That the people who are directing the functions of the American Civil Liberties Union have been looked upon for some time as not only radicals but also in some cases as Bolsheviks is well known. Felix Frankfurter, one of the shining lights of the Union, as has been seen, once drew down upon himself a most scathing arraignment when he, as counsel for President Wilson's Mediation Commission in the Mooney case, had the temerity to attempt to interest Theodore Roosevelt in the work he was doing. Ex-President Roosevelt's Americanism has never been questioned by friend or foe; his loyalty to Harvard, where Frankfurter has long been teaching, was famous among the students and alumni, and he bluntly compared Frankfurter to Trotsky and found little difference.

Allusion is here made to Roosevelt's letter to Frankfurter, quoted in a previous chapter, because of the former President's expression of opinion in regard to the I.W.W., the Mooney and Billings cases, and similar individuals and organizations; in the cases mentioned the American Civil Liberties Union was particularly active, in an effort to prevent the criminals from paying the penalties imposed by the courts of the country for the crimes committed. It was also exercised over the predicaments of Communists in various parts of the country who were sentenced under the anti-syndicalist laws of different States; and it is not infrequent to find notation in the minutes of their meetings that appeal to the Supreme Court of the United States will be taken in an effort to save the radicals convicted of conspiracy to overthrow by violence the Government of the United States.

The activities of the Union, however, do not stop with trying to aid Communists and other radicals and criminals after they have been convicted of crimes, but it conducts political campaigns in various States in an effort to bring about the repeal of laws enacted to protect the Government from conspiracies directed from Moscow, and it provides money for the Communists with which the anti-American fight may be conducted. The minutes of the Executive Committee meeting held May 8, 1922, show the following entry:

"An application from the National Defense Committee for a loan of $500 for ninety days was noted, and was referred to Mr. Baldwin to negotiate on his personal responsibility with the general approval of the Committee."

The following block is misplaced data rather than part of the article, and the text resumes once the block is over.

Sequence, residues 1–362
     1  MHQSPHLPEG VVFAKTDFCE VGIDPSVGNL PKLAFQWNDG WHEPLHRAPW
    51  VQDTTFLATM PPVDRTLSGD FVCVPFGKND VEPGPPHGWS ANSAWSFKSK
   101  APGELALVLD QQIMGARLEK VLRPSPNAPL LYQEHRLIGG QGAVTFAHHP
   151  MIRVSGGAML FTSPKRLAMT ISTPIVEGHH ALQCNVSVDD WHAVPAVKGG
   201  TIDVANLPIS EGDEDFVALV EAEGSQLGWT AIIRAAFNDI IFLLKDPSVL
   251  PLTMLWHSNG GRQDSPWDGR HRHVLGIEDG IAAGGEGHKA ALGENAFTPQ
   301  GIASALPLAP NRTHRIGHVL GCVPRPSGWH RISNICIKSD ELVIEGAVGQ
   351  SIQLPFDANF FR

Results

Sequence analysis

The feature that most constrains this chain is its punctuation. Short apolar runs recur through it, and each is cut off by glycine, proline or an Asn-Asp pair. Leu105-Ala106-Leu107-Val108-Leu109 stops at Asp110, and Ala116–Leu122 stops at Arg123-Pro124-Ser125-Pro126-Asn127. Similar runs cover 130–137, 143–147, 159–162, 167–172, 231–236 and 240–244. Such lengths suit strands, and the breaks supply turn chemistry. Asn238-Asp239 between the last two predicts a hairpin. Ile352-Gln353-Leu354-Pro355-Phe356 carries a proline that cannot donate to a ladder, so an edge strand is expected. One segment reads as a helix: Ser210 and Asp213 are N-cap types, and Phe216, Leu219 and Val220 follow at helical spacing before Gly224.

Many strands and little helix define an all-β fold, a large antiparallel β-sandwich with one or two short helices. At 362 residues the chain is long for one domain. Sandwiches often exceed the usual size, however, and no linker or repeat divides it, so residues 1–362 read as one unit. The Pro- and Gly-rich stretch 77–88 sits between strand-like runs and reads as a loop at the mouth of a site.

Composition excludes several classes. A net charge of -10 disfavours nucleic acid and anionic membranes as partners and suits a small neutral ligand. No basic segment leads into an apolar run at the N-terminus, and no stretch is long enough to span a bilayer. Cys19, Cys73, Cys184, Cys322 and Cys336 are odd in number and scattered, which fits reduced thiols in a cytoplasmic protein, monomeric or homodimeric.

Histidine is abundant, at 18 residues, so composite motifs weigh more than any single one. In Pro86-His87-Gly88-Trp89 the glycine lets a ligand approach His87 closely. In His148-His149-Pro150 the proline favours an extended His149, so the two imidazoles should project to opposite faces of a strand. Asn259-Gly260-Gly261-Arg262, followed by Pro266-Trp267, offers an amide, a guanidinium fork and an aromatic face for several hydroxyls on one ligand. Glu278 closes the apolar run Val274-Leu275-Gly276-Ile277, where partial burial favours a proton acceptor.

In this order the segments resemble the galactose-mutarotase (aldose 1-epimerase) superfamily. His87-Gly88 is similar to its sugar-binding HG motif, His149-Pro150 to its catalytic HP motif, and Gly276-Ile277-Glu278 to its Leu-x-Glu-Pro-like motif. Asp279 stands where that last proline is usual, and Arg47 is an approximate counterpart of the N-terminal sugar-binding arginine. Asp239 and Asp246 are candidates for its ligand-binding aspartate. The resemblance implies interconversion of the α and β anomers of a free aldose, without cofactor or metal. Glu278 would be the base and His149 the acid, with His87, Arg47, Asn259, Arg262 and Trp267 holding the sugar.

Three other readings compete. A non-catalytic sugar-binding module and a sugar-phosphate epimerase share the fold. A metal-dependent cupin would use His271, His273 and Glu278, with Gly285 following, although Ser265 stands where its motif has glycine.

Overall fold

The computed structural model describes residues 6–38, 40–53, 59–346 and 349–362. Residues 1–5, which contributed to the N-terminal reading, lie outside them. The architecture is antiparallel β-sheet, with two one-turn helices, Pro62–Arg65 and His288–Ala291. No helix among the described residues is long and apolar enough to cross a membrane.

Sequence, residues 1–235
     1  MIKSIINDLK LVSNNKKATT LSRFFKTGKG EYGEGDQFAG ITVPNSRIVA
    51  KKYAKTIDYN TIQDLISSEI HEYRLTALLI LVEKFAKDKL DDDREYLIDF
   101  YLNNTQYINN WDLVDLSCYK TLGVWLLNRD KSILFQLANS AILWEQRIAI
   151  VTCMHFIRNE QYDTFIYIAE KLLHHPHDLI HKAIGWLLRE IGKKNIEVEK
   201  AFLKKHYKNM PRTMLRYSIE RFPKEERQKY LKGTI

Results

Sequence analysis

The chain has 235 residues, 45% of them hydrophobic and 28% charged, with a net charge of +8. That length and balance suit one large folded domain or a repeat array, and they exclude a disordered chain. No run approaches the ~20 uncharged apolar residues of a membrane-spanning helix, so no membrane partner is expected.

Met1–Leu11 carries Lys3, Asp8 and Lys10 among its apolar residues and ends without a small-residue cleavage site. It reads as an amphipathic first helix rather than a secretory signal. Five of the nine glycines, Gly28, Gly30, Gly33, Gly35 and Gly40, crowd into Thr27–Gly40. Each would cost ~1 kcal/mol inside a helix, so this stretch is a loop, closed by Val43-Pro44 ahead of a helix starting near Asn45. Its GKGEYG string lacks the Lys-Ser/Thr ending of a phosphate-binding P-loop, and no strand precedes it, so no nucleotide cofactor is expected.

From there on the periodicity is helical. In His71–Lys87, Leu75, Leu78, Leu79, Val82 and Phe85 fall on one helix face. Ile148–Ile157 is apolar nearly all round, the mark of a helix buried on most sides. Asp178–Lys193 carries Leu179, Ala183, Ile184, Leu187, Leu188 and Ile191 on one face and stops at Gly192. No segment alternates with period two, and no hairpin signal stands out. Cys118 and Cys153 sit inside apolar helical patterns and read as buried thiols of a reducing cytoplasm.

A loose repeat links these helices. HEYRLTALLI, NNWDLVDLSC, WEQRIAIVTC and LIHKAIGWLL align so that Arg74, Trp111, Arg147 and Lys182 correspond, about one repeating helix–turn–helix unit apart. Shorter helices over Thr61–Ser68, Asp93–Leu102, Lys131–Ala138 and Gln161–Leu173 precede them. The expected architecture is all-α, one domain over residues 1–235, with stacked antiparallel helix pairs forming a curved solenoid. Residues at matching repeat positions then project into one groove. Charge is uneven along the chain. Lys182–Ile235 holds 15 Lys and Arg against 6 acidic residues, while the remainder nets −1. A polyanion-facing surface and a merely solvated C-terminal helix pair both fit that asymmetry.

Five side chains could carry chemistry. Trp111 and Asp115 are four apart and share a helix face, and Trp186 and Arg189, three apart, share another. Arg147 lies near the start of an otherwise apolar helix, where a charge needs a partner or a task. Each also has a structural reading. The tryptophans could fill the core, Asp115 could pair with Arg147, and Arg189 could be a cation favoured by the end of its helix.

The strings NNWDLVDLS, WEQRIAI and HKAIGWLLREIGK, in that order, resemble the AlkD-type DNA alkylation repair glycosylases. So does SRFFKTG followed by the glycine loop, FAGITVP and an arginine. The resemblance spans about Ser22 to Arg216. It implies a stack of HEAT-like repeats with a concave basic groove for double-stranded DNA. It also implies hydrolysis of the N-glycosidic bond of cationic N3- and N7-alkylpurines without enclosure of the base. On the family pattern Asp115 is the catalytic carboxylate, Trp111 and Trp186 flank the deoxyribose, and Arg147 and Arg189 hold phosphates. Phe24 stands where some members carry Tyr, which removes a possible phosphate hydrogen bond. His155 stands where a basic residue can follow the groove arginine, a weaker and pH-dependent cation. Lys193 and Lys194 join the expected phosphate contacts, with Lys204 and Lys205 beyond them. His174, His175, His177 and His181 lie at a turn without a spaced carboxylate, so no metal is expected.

It is interesting to note that this National Defense Committee is wholly Communist, controlled from Moscow, one of the many "legal" organizations doing the work of the secret Communist party of America. Its membership is entirely of Communists, most, if not all, of them in attendance on the illegal, underground Communist convention at Bridgman. This committee was made up of Max Bedacht, J.E. Ferguson, L.E. Katterfield, Edgar Owens and C.E. Rutherberg. And this is the organization for which the American Civil Liberties Union authorized the negotiation of a loan "with the full approval" of the Executive Committee.

The chairman of the American Civil Liberties Union is Harry F. Ward, the preacher whose utterances in the Methodist Textbook on radicalism caused a scandal. He was formerly connected with the Boston School of Theology, is a teacher of Christian Ethics at Union Theological Seminary and has been a leading factor in the Interchurch World Movement and the Federated Council of Churches of Christ in America. His sympathy and cooperation with Socialists, I.W.W., radical and other anti-American movements have been notable. He was a pacifist during the war, and practically all of his associates in the organization have records as pacifists and defeatists in those troublesome days, some of whom were imprisoned for their refusal to fight when the United States was at war or for endeavoring to bring about the defeat of this country by actively aiding the enemy.

Ward's activities are best illustrated by citing a letter which was given out by the American Civil Liberties Union in April, 1922, and which was addressed to Congressman Martin B. Madden, chairman of the House Appropriations Committee. In this, he attempted to influence Congressman Madden for the purpose of securing a cut in the appropriations intended for the use of that executive branch of the Government which have most to do with the suppression of revolutionary radicalism and emphasizing the specious claim that at that time radicalism was on the wane. Ward's letter contained the following:

"Radical activities in the United States have greatly decreased since 1919. . . . The underground propaganda . . . is obviously that conducted by the Communists in the United States. The fact that propaganda is underground is due entirely to the repressive measures directed against it. . . . The Soviet government is not responsible for this propaganda. It is a part of the international, revolutionary, working-class movement affiliated with one or another of the international bodies which express its programs and purposes."